With this ritual, Luke conflates the ritual of redemption, the pydion haben. In Exodus, Chapter 13, God says, “You shall set apart to the Lord all that first opens the womb. . . . Every firstborn male among your children you shall redeem.” (vv. 12-13) In the third chapter of Numbers, this command is repeated: “All the firstborn are mine; when I killed all the firstborn in the land of Egypt, I consecrated for my own all the firstborn in Israel, both human and animal; they shall be mine. I am the Lord.” (Num. 3:13) The price of redemption is then set at five “shekels of the sanctuary, a shekel of twenty gerahs.” (v. 47) Luke leaves out this detail, but it is very likely that Mary and Joseph carried through as required by the Law.
Joseph and Mary, as my colleague Juan Oliver has noted, “are the embodiment of the majority of Jews, who, illiterate and too poor to offer any sacrifice, lived perennially in a state of ritual defilement or ‘sin.'” We observe in their adherence to these rituals, in their making of these offerings, the lowliness of Jesus’ family and their marginalized position in society, but more importantly their participation in the full life of their faith. It is from that fullness of faith that Jesus’ self-understanding and his mission flows. Because of his parents’ faithfulness to the Law, Simeon sees in this infant “a light to lighten the Gentiles, and to be the glory of [God’s] people Israel.” Hope flows even from places of extreme poverty when those with the least embrace the rituals of an abundant life.
We began our worship this morning with one of our own “rituals of an abundant life.” From very early on in the life of the Christian community, it has been a tradition to carry candles on this day, and to bless the candles that the church will use throughout the coming year. For that reason, an alternative name of this Feast of the Presentation is “Candlemas,” the Mass of the candles. The tradition of blessing the candles dates to the mid-Fifth Century, and the candle procession is first attested to in the Diary of Egeria which describes such a procession in Jerusalem in middle of the Fourth Century.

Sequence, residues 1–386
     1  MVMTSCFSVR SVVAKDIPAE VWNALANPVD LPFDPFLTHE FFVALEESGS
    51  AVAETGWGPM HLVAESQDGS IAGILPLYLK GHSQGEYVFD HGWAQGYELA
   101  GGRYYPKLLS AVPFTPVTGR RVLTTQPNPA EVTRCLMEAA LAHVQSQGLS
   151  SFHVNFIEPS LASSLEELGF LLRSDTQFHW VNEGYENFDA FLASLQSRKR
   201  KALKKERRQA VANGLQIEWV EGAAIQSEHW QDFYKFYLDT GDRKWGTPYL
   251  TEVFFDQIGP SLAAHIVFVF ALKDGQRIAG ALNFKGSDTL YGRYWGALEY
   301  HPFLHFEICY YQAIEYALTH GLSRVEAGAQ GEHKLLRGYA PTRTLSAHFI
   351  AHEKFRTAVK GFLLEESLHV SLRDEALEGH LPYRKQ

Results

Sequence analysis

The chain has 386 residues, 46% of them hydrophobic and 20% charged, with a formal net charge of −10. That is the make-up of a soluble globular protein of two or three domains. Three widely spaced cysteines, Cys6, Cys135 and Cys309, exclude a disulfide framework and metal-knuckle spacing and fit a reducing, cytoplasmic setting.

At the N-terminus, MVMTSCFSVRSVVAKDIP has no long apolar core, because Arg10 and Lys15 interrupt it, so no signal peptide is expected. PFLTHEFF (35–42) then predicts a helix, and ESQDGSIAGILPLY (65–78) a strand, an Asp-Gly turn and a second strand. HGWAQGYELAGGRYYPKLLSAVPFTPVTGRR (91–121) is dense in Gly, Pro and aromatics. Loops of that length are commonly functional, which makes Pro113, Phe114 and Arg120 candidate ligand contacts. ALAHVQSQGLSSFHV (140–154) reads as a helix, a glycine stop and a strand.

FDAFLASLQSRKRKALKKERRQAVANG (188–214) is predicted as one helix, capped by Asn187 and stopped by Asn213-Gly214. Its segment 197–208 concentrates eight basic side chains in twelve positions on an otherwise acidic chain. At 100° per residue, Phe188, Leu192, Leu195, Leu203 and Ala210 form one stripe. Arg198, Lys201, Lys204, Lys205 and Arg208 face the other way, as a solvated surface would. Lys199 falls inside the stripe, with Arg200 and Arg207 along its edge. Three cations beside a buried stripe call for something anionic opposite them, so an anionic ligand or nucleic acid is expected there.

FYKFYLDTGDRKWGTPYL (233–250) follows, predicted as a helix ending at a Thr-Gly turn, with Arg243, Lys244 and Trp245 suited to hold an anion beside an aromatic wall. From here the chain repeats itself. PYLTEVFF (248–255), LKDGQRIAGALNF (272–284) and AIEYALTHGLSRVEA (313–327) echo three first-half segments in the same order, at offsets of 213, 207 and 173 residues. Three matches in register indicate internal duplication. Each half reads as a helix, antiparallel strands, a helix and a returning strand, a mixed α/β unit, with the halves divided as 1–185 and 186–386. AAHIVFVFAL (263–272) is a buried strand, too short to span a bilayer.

An 11th Century Cistercian abbot, Blessed Guerric of Igny (c.1070-1157), preached of the symbolism of the Candlemas procession:
Behold then, the candle alight in Simeon’s hands. You must light your own candles by enkindling them at his, those lamps which the Lord commanded you to bear in your hands. So come to him and be enlightened that you do not so much bear lamps as become them, shining within yourself and radiating light to your neighbors. May there be a lamp in your heart, in your hand, and in your mouth: let the lamp in your heart shine for yourself, the lamps in your hand and mouth shine for your neighbors. The lamp in your heart is a reverence for God inspired by faith; the lamp in your hand is the example of a good life; and the lamp in your mouth are the words of consolation you speak.
Go forth then from this place and, like Simeon, speak of the freedom Jesus gives us, speak words of consolation, spread the light of Christ, the light to enlighten the Gentiles. Go forth and sing, “I saw the light! I saw the light! No more sorrow! No more night! Praise the Lord! I saw the Light!” Amen.
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Father Funston is the rector of St. Paul’s Episcopal Church, Medina, Ohio.